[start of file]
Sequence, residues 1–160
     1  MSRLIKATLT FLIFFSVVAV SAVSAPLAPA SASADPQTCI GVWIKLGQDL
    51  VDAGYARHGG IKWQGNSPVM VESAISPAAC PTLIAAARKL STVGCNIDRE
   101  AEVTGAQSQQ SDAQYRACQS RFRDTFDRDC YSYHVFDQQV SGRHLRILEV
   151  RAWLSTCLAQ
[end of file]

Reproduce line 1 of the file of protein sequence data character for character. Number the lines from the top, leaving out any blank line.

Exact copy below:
Sequence, residues 1–160